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Gas pipeline developers to press build-out hopes in New York, New England


Opportunities exist for a further expansion of Millennium Pipeline andthe revival of Access Northeast despite regulatory and environmentalhurdles to adding more takeaway capacity designed to move AppalachianBasin gas to downstream markets, senior officials with the developerssaid Tuesday.

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The comments during the second day of the LDC Gas Forums Northeastconference in Boston reflect the confidence midstream operators have thatthe traditionally pipeline-constrained region can continue to be a growthdriver for the sector.

So long as demand pulls producers to boost drilling and industry leadersact collaboratively to counter opponents' concerns, building in New Yorkand New England is within reach, the officials said.

"We all need to take a more proactive approach to messaging," RichardGardner, senior vice president of business development for MillenniumPipeline, told attendees at the conference.

Millennium serves as a significant outlet for production from thelong-constrained Northeast Pennsylvania region, primarily delivering gasinto downstream markets in New York and Boston.

The pipeline receives approximately 1 Bcf/d of production from NortheastPennsylvania -- last winter more than 75% of that gas ultimately made itto an interconnect with Algonquin for final delivery into the New Englandmarkets, data compiled by S&P Global Platts Analytics shows.

Northeast Pennsylvania production receipts that exit the region viaMillennium have little additional optionality to make it to demandmarkets. A maintenance earlier this spring cut production receipts ontoMillennium to zero MMcf/d for several days, bringing down total NortheastPennsylvania production by nearly the same amount, Platts Analytics datashows.

Millennium, owned by TransCanada's Columbia Gas Transmission and byNational Grid and DTE Energy, is currently building its 223,000 Dt/dEastern System Upgrade in New York, where the project has been met withstrong opposition. The operator is targeting a November 1 startup, andGardner said at the conference "there is no reason for us to believe thatin-service date won't be met." As for the future, Gardner said there is no reason for Millennium to stopwith the ESU project.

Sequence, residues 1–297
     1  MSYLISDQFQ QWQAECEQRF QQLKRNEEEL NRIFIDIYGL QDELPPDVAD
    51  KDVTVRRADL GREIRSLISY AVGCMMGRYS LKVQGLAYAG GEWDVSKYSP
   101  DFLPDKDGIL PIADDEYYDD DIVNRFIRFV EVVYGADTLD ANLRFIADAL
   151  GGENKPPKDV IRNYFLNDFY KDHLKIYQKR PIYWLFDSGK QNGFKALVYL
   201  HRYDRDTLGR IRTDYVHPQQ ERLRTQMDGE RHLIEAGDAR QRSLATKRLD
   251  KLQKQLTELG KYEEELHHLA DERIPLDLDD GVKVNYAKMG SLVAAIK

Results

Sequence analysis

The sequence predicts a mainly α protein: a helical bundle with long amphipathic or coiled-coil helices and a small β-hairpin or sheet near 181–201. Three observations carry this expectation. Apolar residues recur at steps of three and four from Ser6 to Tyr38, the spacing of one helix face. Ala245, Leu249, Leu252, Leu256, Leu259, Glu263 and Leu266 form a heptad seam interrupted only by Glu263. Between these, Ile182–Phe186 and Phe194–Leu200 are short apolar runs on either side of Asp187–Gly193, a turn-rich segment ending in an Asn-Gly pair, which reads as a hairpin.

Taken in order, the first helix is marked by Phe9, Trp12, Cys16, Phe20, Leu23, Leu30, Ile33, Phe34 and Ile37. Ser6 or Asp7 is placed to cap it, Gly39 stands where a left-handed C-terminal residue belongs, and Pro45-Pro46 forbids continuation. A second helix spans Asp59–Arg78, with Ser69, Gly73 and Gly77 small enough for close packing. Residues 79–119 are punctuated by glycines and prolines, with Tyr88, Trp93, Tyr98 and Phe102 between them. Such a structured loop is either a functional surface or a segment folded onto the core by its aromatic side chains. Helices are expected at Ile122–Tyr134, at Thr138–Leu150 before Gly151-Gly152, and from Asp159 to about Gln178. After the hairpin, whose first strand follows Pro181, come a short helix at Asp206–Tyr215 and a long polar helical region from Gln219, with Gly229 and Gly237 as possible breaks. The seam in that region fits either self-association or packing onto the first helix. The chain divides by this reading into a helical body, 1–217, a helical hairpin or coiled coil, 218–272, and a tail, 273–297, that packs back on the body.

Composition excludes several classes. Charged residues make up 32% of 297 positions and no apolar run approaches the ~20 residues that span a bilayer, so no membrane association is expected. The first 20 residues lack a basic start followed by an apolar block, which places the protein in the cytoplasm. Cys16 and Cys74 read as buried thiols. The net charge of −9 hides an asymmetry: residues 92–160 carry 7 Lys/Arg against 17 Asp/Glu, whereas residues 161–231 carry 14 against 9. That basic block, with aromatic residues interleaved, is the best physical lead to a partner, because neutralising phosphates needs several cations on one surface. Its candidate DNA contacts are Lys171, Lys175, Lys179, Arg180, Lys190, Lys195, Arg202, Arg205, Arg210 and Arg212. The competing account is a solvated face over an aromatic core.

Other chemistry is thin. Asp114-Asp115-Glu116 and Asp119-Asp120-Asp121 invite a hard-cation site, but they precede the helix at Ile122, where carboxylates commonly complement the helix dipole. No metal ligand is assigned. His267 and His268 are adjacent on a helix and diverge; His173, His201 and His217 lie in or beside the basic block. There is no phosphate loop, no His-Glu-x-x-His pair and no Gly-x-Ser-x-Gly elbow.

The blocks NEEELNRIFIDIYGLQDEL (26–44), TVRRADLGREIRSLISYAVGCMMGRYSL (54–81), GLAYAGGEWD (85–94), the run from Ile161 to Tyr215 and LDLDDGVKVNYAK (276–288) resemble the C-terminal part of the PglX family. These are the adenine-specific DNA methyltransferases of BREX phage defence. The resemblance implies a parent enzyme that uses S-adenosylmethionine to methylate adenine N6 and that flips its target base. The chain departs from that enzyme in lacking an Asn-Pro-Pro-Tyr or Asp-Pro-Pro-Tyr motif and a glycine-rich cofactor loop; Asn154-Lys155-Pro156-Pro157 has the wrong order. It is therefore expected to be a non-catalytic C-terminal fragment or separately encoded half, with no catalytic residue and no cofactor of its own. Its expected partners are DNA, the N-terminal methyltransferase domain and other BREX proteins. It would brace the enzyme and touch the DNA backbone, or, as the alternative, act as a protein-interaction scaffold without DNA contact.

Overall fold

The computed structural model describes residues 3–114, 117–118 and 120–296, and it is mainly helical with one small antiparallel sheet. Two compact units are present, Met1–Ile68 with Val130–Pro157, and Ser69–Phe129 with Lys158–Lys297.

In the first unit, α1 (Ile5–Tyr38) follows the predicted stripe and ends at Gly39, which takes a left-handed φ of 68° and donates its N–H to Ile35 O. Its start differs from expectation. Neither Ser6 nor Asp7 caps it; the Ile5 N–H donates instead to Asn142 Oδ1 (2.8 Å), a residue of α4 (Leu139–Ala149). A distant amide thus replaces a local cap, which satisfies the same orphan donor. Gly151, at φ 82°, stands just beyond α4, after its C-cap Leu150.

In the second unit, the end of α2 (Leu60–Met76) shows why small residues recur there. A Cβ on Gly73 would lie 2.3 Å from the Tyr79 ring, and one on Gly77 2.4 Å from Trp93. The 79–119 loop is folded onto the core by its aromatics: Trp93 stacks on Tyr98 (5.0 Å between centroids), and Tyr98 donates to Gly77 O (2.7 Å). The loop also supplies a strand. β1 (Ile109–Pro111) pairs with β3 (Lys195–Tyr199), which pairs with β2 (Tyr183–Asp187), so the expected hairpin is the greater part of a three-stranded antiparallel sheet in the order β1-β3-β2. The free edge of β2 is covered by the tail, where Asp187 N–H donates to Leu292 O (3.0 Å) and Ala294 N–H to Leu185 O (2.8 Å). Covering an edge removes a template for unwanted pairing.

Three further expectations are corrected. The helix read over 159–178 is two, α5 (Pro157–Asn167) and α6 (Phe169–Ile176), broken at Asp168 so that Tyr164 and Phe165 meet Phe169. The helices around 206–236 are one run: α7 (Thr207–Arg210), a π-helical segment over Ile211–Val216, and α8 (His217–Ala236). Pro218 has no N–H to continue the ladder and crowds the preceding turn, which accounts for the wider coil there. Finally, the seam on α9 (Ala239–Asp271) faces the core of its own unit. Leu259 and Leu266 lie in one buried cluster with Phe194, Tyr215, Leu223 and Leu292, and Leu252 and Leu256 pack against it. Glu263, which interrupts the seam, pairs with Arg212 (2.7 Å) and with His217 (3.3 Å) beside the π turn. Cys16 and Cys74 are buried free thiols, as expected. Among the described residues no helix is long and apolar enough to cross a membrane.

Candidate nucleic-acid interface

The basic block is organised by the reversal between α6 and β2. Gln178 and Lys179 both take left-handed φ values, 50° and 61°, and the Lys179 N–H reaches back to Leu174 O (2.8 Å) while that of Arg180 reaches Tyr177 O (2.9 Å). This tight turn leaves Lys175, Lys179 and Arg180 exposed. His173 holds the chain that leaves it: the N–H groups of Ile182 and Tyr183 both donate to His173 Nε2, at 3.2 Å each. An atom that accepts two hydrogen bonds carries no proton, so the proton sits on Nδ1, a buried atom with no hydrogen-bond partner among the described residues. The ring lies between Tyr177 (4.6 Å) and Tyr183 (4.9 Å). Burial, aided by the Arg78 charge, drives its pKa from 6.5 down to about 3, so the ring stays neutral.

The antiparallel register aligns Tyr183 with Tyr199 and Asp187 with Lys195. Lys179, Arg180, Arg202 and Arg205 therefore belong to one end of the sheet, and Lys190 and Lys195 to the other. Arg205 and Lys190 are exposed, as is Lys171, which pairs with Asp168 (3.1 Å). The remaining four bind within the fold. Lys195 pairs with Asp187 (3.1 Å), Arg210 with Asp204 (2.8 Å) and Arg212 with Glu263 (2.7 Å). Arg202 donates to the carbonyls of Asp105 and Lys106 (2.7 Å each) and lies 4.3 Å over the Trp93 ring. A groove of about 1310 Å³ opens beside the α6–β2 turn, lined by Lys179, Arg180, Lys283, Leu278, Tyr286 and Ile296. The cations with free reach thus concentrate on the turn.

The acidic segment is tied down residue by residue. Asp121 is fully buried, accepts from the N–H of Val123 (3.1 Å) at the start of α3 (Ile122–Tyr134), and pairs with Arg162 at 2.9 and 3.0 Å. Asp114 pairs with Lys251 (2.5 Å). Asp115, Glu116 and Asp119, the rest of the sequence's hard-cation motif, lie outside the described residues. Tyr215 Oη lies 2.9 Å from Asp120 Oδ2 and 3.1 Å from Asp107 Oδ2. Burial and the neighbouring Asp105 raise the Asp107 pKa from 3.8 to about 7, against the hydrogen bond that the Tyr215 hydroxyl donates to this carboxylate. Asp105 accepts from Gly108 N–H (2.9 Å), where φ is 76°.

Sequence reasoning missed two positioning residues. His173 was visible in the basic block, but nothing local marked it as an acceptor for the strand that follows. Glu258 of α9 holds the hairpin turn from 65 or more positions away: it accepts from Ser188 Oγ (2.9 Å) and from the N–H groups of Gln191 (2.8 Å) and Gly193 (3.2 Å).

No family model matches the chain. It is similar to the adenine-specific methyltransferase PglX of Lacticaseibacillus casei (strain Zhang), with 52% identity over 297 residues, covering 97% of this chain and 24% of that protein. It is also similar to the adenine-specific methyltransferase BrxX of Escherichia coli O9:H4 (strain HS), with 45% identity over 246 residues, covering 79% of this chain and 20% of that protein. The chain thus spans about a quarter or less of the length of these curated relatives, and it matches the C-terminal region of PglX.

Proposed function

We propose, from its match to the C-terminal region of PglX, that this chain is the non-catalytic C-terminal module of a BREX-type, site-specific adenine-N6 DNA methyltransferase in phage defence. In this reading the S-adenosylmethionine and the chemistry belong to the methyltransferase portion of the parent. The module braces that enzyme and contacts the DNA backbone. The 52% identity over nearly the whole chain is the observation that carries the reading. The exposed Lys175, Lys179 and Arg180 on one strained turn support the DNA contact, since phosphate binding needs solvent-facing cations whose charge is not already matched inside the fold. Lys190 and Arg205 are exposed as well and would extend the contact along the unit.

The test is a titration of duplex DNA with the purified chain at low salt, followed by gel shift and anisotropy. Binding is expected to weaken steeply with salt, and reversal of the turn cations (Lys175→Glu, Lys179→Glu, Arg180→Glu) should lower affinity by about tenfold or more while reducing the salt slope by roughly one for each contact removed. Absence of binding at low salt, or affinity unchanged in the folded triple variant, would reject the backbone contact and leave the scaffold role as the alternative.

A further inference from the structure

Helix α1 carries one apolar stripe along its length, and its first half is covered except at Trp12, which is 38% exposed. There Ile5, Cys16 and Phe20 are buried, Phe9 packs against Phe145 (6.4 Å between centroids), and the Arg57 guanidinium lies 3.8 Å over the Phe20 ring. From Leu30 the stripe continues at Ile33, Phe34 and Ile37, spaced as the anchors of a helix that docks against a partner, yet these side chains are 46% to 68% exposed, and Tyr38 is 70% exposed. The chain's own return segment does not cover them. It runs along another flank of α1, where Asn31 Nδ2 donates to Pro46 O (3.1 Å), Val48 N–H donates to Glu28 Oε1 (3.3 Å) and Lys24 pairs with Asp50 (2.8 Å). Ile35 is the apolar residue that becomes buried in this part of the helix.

"I think, yes, we can build something else," he said. "It will be amarket pull, not a supply push. I think that's out there. I think there'sopportunity. I think it will be small scale."

Gardner said the capacity of a potential further expansion could be150,000 Dt/d, and such a project could find shipper support by being built inconjunction with a wind farm. He wouldn't discuss a possible location, thoughhe suggested the operator wouldn't shy away from New York.

"If I went to New York regulators and say, 'I have a project concept andwe don't need to do a lot of looping ... I think it goes a long way toovercoming some of the challenges in New York," Gardner said.

Access Northeast, meanwhile, has stalled, but the developers aren'tgiving up on the project that would serve New England.

Erin Petkovich, director of Northeast business development for Enbridge,said at the conference that the pipeline operator, together with itspartners Eversource and National Grid, "remain committed to advance asolution for New England."


Petkovich said she believes there are several potential paths forward forAccess Northeast.

"We're working on a policy level to see if we can develop a uniform NewEngland policy," she said. "We're also working with the market."

In a related move, Eversource on Monday notified the New Hampshire PublicUtilities Commission that it will submit an updated proposal to replacethe company's agreement to purchase capacity on Access Northeast. Thehigh court there recently reversed the PUC's 2016 dismissal of theoriginal agreement and remanded the issue to the PUC, Eversource said.

Despite the proximity of the Marcellus and Utica shale plays, New Englandimports significant volumes of gas from Canada via pipeline and othercountries via LNG tanker to meet peak demand. Market experts blameinsufficient west-to-east and south-to-north pipeline capacity totransport gas there from producers in Pennsylvania and West Virginia.

"We are actively developing there," Petkovich said of Access Northeast."We feel like the need is there. Hopefully, we will have some moretangible events to share at this event next year."

--Edited by Gail Roberts,